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Rancho Ortega Blog discusses matters of public interest in South Orange County, including the communities of San Juan Capistrano, Ladera Ranch and Rancho Mission Viejo.

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Update on SONGS Shutdown and Expenses

Southern California Edison has created a communications channel to share information and updates with the surrounding community regarding the decommissioning of the San Onofre Nuclear Generating facility.  From Edison:

Southern California Edison (SCE) announced June 7, 2013 that it will permanently retire Units 2 and 3 of its San Onofre nuclear plant. SCE concluded that continuing uncertainty about when or if San Onofre Unit 2 might return to service was not good for customers, investors or the need to plan for the region’s long-term electricity needs.

Current Status

SCE formally notified the Nuclear Regulatory Commission (NRC) on June 12, 2013 that it had permanently ceased operation of Units 2 and 3 on June 7, 2013. The notification, called a Certification of Permanent Cessation of Power Operations, sets the stage for SCE to begin preparations for decommissioning. Decommissioning is a well-defined NRC process that involves transferring the used fuel into safe storage, followed by the removal and disposal of radioactive components and materials. Longer term, this process calls for reducing residual radioactivity to a level that supports termination of the NRC license. SCE will provide decommissioning updates at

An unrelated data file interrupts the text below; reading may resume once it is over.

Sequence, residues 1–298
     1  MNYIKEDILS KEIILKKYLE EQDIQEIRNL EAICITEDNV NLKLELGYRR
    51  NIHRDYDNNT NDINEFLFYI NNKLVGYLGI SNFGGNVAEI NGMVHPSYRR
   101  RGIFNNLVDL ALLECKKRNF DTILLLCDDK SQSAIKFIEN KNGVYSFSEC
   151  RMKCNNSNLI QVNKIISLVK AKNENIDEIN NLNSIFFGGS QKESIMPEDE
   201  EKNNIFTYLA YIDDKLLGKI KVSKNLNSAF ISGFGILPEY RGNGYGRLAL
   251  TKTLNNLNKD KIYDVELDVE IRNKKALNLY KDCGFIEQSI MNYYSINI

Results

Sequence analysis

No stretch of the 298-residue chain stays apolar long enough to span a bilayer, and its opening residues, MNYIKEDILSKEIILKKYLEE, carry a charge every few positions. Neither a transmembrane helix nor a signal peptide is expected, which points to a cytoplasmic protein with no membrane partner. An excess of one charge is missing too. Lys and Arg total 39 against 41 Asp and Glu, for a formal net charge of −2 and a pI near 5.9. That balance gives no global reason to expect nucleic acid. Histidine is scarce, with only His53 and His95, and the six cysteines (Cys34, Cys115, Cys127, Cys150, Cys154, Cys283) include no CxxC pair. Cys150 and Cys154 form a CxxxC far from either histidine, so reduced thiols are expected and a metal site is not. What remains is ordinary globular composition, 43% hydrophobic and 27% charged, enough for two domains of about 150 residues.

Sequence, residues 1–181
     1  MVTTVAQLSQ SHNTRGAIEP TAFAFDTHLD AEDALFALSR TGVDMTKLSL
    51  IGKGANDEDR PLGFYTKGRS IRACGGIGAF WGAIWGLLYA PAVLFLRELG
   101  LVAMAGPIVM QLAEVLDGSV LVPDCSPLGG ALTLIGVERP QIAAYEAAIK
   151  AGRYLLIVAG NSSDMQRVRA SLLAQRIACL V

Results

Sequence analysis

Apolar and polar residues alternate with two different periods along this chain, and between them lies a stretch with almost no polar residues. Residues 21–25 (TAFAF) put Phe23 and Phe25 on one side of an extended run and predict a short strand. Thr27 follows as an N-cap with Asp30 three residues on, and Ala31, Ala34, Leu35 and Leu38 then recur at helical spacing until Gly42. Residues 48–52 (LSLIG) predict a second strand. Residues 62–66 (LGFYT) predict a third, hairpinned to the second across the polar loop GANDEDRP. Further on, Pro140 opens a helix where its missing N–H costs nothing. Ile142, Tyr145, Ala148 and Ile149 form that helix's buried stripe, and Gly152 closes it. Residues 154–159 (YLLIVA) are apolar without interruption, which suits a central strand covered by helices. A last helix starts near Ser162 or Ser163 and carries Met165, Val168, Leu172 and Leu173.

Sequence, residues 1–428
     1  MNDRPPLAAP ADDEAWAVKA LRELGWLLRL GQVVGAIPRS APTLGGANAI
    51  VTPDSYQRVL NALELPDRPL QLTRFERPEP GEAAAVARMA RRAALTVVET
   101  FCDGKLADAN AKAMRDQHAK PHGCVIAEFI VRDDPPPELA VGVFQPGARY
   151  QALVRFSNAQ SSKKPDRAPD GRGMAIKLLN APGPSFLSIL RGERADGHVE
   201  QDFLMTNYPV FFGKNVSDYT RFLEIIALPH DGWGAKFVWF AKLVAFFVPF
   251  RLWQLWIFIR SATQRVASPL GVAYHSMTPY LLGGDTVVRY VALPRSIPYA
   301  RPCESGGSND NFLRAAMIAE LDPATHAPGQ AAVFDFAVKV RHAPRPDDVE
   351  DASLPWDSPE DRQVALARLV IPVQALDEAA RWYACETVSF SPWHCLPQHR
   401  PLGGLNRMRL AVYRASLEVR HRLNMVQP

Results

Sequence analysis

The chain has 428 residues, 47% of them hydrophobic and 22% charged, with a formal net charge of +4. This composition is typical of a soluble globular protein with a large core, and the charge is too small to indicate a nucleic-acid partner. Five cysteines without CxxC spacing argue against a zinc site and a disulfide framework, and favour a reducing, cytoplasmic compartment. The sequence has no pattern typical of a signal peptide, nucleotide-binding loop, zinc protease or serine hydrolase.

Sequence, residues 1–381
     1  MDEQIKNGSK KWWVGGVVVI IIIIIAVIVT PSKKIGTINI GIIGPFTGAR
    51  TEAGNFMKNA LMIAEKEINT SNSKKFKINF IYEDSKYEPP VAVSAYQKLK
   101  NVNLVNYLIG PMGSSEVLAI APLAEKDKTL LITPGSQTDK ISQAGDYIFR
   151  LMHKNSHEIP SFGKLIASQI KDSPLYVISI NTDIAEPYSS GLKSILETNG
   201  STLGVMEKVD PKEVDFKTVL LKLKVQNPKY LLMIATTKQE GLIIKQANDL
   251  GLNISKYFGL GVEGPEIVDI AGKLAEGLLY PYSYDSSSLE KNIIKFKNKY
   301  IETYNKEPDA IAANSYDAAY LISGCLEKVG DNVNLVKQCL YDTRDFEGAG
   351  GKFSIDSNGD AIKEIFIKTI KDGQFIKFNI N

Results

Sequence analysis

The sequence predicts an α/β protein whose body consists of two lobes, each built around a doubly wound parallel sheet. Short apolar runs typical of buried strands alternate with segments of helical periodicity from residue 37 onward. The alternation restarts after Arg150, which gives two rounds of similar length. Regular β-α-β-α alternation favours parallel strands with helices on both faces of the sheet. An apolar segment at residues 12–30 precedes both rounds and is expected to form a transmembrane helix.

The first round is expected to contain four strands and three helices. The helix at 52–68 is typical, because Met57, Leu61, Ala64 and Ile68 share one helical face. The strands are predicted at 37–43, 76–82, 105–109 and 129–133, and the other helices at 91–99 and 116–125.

Below is a recent communication from Edison, the most important takeaway being that Edison intends to seek recovery of its unreimbursed expenses resulting from the SONGS shutdown from California utility ratepayers.  According to the San Clemente Patch article, that amount could exceed $1 billion dollars!

“If a utility asset must be retired before the end of its expected life, the utility recovers from customers its reasonable investment costs,” Edison wrote.

Nothing is finalized yet.  This process first requires regulatory approval from the California Public Utilities Commission, and is dependent in part on whether Edison can recover damages from Mitsubishi Heavy Industries, the manufacturer of the allegedly faulty components.  (See the Notice of Dispute filed against Mitsubishi here (PDF).)

If you can’t read the text above, you can read the original letter to SCE customers here (PDF).

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